Marlon Brando is an interesting lead in A Countess from Hong Kong because it isn't often you see him in a comedic role, considering that his more famous roles are his dramatic efforts in A Streetcar Named Desire, On The Waterfront and most of all The Godfather. So seeing him at age 43 in a Charlie Chaplin film is quite an interesting idea on the surface. And his success in the film is built on the neurotic elements of his character and the chemistry he shares with fellow Academy Award winner Sophia Loren as there is always a romantic tension there which gives the story a compelling touch. Marlon Brando is a fine lead in A Countess from Hong Kong and he manages to prove that through the simplistic elements of his acting he manages to achieve comedic success without much stress.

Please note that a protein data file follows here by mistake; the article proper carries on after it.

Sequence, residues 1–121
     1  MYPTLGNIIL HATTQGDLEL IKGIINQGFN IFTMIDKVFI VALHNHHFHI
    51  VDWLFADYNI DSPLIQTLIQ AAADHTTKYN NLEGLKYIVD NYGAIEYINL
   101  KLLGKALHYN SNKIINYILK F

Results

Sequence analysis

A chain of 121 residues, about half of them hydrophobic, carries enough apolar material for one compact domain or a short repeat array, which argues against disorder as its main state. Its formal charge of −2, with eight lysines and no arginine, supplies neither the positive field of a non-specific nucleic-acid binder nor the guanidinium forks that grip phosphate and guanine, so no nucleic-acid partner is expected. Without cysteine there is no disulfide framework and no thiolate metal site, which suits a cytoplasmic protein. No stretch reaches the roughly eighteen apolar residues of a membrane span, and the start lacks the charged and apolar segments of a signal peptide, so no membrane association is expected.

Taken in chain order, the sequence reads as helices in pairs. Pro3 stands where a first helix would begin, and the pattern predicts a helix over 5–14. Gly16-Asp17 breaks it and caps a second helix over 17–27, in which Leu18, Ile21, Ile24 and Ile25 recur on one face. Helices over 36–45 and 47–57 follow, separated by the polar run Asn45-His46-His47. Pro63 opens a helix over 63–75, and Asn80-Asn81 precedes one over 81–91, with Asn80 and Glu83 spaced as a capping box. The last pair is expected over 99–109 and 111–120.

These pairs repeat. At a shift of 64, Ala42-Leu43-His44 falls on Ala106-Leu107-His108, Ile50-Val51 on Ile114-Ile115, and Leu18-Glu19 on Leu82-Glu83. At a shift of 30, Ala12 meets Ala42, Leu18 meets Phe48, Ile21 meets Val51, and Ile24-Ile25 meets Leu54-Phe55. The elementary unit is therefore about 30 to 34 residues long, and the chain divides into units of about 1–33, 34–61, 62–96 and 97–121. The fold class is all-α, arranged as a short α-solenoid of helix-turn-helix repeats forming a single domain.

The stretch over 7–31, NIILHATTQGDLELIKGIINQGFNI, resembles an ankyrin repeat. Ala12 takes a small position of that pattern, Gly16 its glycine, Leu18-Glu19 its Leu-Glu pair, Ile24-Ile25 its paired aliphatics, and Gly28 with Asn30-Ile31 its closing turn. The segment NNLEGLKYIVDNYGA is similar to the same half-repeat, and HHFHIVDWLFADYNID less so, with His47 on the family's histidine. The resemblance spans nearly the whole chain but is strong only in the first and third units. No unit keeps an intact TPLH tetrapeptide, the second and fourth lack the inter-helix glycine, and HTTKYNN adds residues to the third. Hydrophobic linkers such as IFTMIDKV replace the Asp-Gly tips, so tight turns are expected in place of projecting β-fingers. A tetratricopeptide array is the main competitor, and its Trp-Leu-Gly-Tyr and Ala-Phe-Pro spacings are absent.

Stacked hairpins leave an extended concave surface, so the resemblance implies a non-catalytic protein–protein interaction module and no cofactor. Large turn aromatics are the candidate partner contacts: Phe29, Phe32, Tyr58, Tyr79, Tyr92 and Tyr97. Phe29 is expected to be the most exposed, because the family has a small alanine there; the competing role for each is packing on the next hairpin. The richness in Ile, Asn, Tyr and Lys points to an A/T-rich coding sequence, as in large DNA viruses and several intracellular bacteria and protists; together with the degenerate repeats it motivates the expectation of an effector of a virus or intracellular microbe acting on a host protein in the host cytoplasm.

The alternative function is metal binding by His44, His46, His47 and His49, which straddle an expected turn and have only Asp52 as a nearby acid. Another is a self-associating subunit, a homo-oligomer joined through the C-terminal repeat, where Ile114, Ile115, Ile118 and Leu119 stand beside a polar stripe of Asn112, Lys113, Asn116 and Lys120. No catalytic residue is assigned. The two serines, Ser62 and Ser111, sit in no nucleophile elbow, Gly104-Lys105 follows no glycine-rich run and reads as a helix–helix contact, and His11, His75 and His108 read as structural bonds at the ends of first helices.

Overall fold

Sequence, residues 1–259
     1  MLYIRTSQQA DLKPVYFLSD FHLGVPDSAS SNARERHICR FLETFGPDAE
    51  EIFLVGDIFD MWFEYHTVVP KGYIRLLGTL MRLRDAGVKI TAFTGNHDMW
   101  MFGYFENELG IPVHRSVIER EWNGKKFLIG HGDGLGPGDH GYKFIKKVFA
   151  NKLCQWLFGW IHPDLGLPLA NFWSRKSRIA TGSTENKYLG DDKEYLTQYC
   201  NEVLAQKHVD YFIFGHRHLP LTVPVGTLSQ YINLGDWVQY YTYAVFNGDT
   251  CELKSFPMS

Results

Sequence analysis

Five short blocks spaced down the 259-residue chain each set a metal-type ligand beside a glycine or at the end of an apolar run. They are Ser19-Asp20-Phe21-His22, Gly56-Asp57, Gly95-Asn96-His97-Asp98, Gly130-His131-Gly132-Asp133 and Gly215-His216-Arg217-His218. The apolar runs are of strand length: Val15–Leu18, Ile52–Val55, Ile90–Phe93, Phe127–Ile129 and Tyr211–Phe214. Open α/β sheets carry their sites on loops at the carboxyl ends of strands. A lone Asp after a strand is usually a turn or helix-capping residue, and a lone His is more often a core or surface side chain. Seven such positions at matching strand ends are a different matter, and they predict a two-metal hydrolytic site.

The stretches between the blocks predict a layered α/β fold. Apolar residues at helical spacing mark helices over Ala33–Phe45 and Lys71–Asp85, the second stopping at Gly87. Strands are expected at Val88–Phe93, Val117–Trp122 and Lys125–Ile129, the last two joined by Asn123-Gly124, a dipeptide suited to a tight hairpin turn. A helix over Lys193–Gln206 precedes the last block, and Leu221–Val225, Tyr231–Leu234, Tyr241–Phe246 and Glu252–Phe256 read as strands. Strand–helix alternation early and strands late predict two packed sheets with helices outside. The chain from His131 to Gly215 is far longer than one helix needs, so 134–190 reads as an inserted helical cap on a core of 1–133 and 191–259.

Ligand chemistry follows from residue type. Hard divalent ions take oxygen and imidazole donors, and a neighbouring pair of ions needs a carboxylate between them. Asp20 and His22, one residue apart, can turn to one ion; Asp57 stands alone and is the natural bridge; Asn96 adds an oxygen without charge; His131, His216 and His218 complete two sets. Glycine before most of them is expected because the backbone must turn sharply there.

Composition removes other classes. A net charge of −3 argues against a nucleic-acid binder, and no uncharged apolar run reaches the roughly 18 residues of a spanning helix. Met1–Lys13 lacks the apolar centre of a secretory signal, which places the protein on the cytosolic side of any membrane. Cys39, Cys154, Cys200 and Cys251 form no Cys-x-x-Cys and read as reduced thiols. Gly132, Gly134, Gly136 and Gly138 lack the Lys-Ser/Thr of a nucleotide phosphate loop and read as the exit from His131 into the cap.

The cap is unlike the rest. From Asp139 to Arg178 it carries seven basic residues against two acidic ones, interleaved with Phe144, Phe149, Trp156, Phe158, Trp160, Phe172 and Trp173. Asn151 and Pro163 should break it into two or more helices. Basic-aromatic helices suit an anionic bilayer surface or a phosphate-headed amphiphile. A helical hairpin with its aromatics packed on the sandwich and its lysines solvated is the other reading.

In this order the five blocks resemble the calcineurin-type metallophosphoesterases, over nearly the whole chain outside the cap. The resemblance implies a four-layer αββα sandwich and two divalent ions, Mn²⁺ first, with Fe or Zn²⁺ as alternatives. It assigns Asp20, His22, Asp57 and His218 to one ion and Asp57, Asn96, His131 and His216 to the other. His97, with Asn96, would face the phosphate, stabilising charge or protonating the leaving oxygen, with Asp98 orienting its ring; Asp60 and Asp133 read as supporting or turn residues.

It is Sophia Loren who has to portray the most Chaplin-esq figure in A Countess from Hong Kong, because although her character isn't reliant on slapstick, her actions tend to be one of the key sources of the comedy in the story as she is full of unpredictable quick movements and plenty of energy over the course of the story. She is both thoroughly attractive and sexually appealing in A Countess from Hong Kong without it ever being rather suggestive as it comes simply from the natural physical movements of her, her beautiful face and rather passionate line delivery. Sophia Loren treats A Countess from Hong Kong like she would any film that was based on good material, and so in A Countess from Hong Kong she has a lot of classical comedic spirit and visual appeal which makes her a fine casting choice. Her chemistry with Marlon Brando is rather interesting to keep up with.